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The new pillar of social rights – more ’business as usual’ than serious reform

, by Florian Sanden

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In the new pillar of social rights the European Commission missed the chance to introduce clear cut indicators to monitor member states´ social performance. As a result, the social dimension of the economic and monetary union (EMU) will remain in the shadow of macroeconomics.

Ⓒ European Commission -President Juncker during the State of the Union speech

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In his 2015 state of the union speech, Jean Claude Juncker announced the introduction of a social pillar on equal footing with the economic dimension of the EMU. This week, one year after this public appeal, the European Commission published a communication outlining the core principles of the new social pillar.

The six-pack regulation on economic governance passed in 2011 to improve the EU´s economic convergence contained clear cut and binding indicators of macroeconomic surveillance. These include for example the 60% debt to GDP rule, arrangements for continuous monitoring and automatic sanctions in cases of non-compliance. In contrast, the initial draftof the social pillar limits itself to rather vague proclamations such as “everyone shall have timely access to good quality preventive and curative health care”. However, what constitutes “timely” and “good quality” health care remains at the discretion of national governments and no monitoring or enforcement mechanisms are defined.

All this despite the fact that the necessary concepts to introduce clear cut social indicators exist. For example, the Gini-coefficient, which measurers social equality on a scale from 0 (perfect social equality) to 1 (absolute inequality), could be used to define a threshold of, let´s say, 0,3, above which member states have to expect intensified monitoring or, if all else fails, sanctions such as fines. Political scientist Klaus Busch suggested to group EU countries into four categories, depending on the social expenditure ratio and the level of development. For these four categories of countries, fluctuation ranges of the social protection level could be fixed. Member states would be obliged to maintain the standard of their welfare provisions within this range.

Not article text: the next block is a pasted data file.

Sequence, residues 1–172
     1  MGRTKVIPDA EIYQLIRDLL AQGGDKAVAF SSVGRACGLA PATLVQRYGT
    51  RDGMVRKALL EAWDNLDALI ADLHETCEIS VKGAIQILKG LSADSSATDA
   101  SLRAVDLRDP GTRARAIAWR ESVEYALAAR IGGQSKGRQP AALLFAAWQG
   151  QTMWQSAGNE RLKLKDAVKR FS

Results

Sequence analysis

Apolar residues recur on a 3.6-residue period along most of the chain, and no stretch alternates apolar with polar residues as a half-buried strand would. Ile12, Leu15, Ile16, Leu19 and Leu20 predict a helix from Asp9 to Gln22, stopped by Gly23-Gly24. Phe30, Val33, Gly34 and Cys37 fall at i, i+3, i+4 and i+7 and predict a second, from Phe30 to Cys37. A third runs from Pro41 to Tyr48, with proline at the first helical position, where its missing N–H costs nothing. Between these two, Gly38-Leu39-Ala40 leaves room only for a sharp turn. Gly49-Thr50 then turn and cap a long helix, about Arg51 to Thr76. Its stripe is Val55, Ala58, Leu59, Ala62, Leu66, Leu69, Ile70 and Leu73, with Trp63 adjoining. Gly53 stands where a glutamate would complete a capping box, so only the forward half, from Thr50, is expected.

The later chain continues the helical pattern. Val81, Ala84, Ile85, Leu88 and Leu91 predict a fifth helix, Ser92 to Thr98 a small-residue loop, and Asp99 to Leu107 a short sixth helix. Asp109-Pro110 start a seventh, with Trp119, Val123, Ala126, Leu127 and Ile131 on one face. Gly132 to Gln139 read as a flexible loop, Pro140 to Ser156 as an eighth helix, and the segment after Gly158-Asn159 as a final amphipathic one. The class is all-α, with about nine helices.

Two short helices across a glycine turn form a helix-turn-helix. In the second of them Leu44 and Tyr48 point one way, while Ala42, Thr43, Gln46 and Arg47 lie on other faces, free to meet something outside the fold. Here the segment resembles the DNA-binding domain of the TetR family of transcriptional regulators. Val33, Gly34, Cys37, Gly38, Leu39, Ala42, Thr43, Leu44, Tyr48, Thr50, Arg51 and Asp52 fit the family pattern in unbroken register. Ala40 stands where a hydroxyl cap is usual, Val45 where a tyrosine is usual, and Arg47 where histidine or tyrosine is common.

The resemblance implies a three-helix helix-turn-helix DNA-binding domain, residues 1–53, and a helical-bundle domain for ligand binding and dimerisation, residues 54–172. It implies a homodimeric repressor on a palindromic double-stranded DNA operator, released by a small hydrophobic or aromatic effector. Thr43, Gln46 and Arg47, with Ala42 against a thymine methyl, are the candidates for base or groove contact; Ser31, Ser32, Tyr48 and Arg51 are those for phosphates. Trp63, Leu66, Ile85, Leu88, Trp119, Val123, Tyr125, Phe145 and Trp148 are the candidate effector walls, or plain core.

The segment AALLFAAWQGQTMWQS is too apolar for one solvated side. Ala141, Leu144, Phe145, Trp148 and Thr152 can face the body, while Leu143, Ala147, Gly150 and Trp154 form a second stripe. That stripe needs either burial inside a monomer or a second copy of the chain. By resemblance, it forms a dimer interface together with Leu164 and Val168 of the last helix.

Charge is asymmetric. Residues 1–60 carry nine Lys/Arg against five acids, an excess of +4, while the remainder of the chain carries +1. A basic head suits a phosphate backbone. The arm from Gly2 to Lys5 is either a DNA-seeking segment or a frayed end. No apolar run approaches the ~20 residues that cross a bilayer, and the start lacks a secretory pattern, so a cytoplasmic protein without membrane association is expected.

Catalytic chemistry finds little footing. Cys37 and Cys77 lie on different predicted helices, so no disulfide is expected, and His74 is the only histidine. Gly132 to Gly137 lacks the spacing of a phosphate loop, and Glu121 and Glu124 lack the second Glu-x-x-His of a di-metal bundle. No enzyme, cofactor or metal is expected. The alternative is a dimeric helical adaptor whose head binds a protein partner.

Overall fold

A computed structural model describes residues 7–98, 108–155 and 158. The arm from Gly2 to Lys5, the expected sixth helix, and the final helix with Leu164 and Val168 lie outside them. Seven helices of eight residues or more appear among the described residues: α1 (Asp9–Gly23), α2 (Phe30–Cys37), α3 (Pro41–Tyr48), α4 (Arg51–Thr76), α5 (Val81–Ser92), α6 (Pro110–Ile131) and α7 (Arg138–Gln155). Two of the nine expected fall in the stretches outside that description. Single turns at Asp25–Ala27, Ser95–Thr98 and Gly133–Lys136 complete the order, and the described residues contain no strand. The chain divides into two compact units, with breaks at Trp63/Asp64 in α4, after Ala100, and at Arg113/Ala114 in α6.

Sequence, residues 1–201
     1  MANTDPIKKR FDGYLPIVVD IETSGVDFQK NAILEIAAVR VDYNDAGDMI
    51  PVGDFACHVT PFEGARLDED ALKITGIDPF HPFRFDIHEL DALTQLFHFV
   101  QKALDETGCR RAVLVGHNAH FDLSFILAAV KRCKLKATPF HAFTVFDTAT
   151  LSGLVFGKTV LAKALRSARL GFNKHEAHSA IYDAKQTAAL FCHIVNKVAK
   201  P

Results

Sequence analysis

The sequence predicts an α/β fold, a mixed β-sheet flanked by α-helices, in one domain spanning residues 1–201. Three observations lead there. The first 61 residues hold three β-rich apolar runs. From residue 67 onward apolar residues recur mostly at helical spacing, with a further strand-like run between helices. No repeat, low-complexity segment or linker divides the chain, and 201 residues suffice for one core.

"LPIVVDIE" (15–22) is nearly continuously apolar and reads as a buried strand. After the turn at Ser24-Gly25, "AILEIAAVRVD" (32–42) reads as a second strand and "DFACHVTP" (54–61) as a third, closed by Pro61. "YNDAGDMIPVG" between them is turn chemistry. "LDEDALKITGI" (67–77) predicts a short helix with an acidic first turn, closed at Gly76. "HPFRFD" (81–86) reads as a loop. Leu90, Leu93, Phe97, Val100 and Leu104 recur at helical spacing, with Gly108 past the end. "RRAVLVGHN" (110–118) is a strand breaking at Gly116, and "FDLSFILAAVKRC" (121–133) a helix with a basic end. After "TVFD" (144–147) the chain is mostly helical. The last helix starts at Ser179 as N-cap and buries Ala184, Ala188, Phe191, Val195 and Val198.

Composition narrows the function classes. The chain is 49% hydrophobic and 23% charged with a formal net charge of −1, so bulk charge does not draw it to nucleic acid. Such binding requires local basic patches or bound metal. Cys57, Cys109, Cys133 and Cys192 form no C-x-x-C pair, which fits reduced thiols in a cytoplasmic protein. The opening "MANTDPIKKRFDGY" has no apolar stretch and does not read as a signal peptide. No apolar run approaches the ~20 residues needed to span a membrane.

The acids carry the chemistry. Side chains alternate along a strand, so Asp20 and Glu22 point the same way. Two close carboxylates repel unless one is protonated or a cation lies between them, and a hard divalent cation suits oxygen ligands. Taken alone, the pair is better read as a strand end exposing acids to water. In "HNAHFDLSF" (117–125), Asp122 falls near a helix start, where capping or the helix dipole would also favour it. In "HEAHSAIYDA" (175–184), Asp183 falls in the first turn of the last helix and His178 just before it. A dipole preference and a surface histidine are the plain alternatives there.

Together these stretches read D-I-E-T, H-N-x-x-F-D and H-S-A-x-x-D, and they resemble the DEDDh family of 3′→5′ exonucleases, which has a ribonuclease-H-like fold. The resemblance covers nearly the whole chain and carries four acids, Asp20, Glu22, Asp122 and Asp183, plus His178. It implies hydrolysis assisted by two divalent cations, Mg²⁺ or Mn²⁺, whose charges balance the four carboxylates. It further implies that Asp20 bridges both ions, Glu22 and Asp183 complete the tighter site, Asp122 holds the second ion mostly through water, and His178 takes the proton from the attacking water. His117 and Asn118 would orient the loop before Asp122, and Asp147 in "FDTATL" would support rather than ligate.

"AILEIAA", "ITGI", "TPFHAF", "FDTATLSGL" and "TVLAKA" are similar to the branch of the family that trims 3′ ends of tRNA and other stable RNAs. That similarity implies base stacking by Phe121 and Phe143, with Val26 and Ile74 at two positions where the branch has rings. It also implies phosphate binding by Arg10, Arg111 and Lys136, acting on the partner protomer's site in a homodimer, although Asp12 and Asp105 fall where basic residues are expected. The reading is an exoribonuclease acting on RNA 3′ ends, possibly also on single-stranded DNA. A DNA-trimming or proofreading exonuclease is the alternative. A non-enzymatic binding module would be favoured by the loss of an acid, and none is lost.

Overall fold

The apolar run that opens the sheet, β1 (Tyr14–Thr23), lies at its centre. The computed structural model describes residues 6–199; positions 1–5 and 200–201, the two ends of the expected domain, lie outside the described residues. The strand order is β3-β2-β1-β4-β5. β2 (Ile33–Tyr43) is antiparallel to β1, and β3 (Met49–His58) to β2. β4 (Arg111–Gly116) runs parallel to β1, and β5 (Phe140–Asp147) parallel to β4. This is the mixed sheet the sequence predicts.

Previous initiatives like the introduction of a social scoreboard into the European Semester failed to achieve meaningful impact due to their non-binding character and their narrow focus on poverty and unemployment only.

Social policy in terms of strata levelling welfare provision for the entire population is no luxury issues to be applied in times of economic splendour only. As many OECD studies have shown, too large social disparities harm the performance of any given economy. Also growing social inequalities increase crime and fuel political discontent, increasing the political appeal of extremist solutions from the radical left and right. By threatening to sweep moderate politicians out of office or actually doing so parties like Front National, FPÖ, AfD, UKIP, the Sweden Democrats or PiS in Poland make it harder and harder to achieve constructive policy solutions and endanger the EU. It is more than doubtful that the nationalist approaches these parties propose will be able to tackle large international challenges like climate change, migration, regional instability or underdevelopment. If moderate policy makers want to remain in office and preserve the EU with all its freedoms they should lift EU social policy to an equal footing with economic policies.

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